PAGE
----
0 ha wetlands and no net loss of wetland function (b) All coastal features (b) Restrict development within coastal feature and its 30 m buffer No net loss of wetlands and wetland Dept. aesthetics. diversity and productive capacity Sustainable management of water (lakes. wetlands [1. recreational. and sustainability of wildlife habitat and vegetation adjacent to wetlands Conserve. Nova Scotia Environment All wetlands except by permit and Labour (except federal) Department of Environment All wetlands Control activities that may impact and Conservation the hydrology. wetland function in (2) Conservation Authorities Act northern ON (2) Prevent the loss of life and property due to flooding and erosion. enhance and restore wetlands Responsible authority Application (1) Federal: lands. productivity. of Environment. (2) Areas regulated by Conservation Authorities New Brunswick (a) NB Wetlands Conservation Policy (b) NB Coastal Areas Protection Policy Prince Edward Wetland Conservation Island Policy for PEI Nova Scotia Environment Act and Regulations Newfoundland Policy Directive for Development in Wetlands and Labrador ` Ministere du All wetlands ´ Developpement durable. Permit for a HADD (harmful alteration. wetlands) (1) Provincial Policy Statement (1) Protection of: all coastal on Natural Heritage wetlands. waterways.0 ha British Columbia Alberta Saskatchewan Manitoba Ontario Quebec Sustainable management of wetlands to maintain numbers. and to conserve and enhance natural resources Quebec Water Policy Protection of public health and aquatic ecosystems (1) Wetland management in the settled area of Alberta— Interim Policy (2) Draft policy for managing Alberta’s peatlands and Non-settled areas wetlands (3) Provincial wetland policy being developed Wetland Policy Statement Water Management Framework Manitoba Water Strategy All wetlands Saskatchewan Environment Crown waters Manitoba Environment (1) Ontario Ministry of Natural Resources (2) Conservation Authorities All wetlands (1) Wetlands regardless of ownership or size. mitigate. destruction or disruption) of fish habitat Mitigation hierarchy Yes Yes Compensation guidelines No Some Reporting guidelines No Some 123 . All wetlands functions Energy & Forestry To prohibit alteration of a wetlands. de l’Environnement et ´ des Parcs du Quebec (a) No loss of provincially significant Department of Environment (a) Wetlands [1. mechanisms. their objectives. application. and presence of compensation and monitoring guidelines in Canada Jurisdiction Government of Canada Primary wetland conservation policies (1) Environment Act—Federal Policy On Wetland Conservation (2) Fisheries Act—Policy for Management of Fish Habitat (1) Wetland Action Plan in Development (2) Forest practices codes— Riparian Areas Policy objective (1) Sustain wetland functions in delivery of government programs (2) Protection of habitats directly or indirectly supporting existing or potential fisheries (1) Na (2) To minimize or prevent impacts of forest and range uses on wetlands and on the diversity. (1) All Departments decisions. Environment Canada has funding oversight role (2) Department of Fisheries (2) All waters and Oceans (1) Wetland Stewardship Partnership (2) Ministry of Forestry and Range (1) Water Resources Commission (2) Water Resources Commission (3) Alberta Environment (1) Na (2) Crown land. Individual Decisions (2) EA. natural functions and uses of wetlands Jurisdiction Government of Canada Mechanism of implementation (1) EA. significant wetlands in southern ON.Wetlands Ecol Manage (2009) 17:3–14 5 Table 1 Federal and provincial wetland conservation policies. adherence to mitigation sequence.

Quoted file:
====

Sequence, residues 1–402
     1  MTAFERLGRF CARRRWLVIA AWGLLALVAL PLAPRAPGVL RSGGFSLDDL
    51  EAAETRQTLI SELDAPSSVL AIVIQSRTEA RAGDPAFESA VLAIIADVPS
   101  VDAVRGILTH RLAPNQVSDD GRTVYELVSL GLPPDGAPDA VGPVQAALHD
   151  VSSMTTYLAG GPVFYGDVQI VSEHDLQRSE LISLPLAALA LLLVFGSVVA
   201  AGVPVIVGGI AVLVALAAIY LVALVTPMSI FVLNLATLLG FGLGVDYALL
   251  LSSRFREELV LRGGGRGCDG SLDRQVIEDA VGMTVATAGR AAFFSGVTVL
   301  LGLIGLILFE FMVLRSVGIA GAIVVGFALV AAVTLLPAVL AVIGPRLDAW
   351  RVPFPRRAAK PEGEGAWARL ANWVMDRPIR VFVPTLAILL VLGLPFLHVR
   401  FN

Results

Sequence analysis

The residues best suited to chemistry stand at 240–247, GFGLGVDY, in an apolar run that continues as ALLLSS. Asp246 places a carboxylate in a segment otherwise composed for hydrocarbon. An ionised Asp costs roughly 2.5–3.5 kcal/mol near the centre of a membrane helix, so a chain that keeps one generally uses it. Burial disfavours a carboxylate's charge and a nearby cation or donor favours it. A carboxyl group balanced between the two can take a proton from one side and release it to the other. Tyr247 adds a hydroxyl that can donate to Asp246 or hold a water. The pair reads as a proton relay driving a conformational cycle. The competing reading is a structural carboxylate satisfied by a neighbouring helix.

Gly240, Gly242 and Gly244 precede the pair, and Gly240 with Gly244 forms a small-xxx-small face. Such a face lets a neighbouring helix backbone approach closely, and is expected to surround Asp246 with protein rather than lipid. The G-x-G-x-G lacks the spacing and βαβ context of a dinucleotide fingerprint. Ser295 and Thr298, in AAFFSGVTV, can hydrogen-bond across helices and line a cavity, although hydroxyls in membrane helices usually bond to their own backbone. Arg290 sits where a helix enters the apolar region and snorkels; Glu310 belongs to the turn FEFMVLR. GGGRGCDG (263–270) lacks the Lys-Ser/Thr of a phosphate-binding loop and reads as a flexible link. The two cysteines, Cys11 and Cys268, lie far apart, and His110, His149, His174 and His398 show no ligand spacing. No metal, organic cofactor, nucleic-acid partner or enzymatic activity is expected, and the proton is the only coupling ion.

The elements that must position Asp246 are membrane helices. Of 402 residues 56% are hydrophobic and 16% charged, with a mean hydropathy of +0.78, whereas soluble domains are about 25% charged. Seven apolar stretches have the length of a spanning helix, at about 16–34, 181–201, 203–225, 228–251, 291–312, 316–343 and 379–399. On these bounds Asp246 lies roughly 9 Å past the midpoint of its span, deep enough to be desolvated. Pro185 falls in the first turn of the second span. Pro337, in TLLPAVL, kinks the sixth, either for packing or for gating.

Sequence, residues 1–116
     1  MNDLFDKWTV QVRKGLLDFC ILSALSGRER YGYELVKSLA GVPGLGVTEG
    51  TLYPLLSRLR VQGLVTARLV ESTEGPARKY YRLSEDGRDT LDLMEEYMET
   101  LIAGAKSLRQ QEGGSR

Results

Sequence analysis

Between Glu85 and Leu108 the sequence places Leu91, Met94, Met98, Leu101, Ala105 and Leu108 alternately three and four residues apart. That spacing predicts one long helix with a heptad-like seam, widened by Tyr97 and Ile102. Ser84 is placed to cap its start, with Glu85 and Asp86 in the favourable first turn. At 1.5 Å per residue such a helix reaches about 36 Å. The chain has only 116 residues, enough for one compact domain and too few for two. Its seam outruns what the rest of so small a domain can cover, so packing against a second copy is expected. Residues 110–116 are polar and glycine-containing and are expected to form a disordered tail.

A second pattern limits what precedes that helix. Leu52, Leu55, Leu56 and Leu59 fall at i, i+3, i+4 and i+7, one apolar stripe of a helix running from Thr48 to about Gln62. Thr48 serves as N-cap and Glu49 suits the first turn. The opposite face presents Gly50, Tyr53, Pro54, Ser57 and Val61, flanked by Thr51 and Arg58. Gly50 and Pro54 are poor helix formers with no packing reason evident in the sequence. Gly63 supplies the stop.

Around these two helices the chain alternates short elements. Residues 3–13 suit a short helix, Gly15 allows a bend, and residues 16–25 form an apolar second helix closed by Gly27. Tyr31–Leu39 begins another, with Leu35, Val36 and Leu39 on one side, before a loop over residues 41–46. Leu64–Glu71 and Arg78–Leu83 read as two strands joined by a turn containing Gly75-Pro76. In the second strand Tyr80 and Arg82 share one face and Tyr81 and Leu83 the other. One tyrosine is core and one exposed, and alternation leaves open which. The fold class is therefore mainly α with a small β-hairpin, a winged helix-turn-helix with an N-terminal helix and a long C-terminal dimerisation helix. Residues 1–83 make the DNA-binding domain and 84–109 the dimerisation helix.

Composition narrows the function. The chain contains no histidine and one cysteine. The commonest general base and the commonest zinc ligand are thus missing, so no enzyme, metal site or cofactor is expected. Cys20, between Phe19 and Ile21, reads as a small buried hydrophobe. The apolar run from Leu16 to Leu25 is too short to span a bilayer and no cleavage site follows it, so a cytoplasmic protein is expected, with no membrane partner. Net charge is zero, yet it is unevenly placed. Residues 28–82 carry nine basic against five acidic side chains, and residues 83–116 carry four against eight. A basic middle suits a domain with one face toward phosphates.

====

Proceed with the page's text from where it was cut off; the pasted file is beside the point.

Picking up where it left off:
it was recognized that without compensation. While the FPWC does not provide prescriptive guidance. the Government of Canada’s approach to wetland compensation to date has been flexible with the understanding that compensation.g. EA for wetlands [2. Experience has also varied widely depending on the province in which a federal or federally funded project has been implemented. and EA Quebec Environmental Quality Act—Development Permit Watercourse and Wetland Alteration Permit. Initial results of the evaluation indicate that large projects having significant wetland impacts have been required to provide compensation under the FPWC. most of the effort was expended ensuring that the avoidance and minimization aspects of the Policy were adhered to. Environment Canada uses the FPWC when providing expert advice to CEAA concerning referrals on federal projects affecting wetlands or to other federal agencies acting as responsible authorities for such projects.). there is no formula or matrix to quickly determine what compensation is required. It is hoped this project will lead to formal CEAA guidelines for addressing FPWC considerations. profile of the project and financial resources of the proponent. The compensation requirements in case studies outlined by Cox and Grose (2000) were based on the nature of the wetland impacts.0 ha Environmental Assessment Regulations for ‘undertakings’ Mitigation hierarchy No No Yes No No No No Yes Yes Yes No Compensation guidelines No No Yes No No No No Draft Yes Some No Reporting guidelines No No Some No No No No Some Some Some No federal agencies have interpreted (or misinterpreted) the FPWC has had a significant impact on federal decisions under CEAA (pers. Compensation ratios of 3:1 are common but in cases where like-for-like compensation has not occurred. EA for wetlands [2. Stellar 2007). primarily because the FPWC does not provide clear prescriptive recommendations on the form or amount of compensation required (Austen and Hanson 2007). the long-term cumulative outcome of mitigation would be a net loss of wetland function.). However. Watershed Authority Act. comm. Kingsley. EA Permits related to Planning Act. The acceptance and implementation of this federal advice has varied among projects and jurisdictions during the past 16 years (Short 2005. EA Environmental Management & Protection Act. Compensation requirements have also varied because of the specifics of a project and the wetlands involved. comm. pers. It was also apparent that the requirement for compensation acts as a deterrent to activities and projects that would have wetland impacts and ensures that avoidance and minimization are truly practiced. the observed ratios have been higher. Conservation Authorities Act. Environment Canada’s experience with the FPWC indicates a range of both successes and failures in its application to real situations. pers.6 Table 1 continued Jurisdiction British Columbia Alberta Saskatchewan Manitoba Ontario Quebec New Brunswick Prince Edward Island Nova Scotia Newfoundland and Labrador Wetlands Ecol Manage (2009) 17:3–14 Mechanism of implementation (1) None (2) Licence for Forestry Operations and Penalties Water Act permits. Currently. This has been done on a case-by-case basis. 123 .0 ha Environmental Protection Act Environment Act wetland alteration permit. negotiating skills of participants. EA Water Protection Act. the FPWC has been identified as a best practice to minimize adverse environmental impact of projects in areas outside direct federal responsibility (e. must provide a cost-effective mechanism to replace lost wetland functions.). obs. Because the Government of Canada has no legal tools to require the use of the mitigation hierarchy in areas of provincial jurisdiction. An evaluation of the relevance and variability of interpretations by Environment Canada of the FPWC for wetland mitigation and compensation projects has been initiated (Kingsley. Since 1991. During the years immediately following the adoption of the FPWC. if used.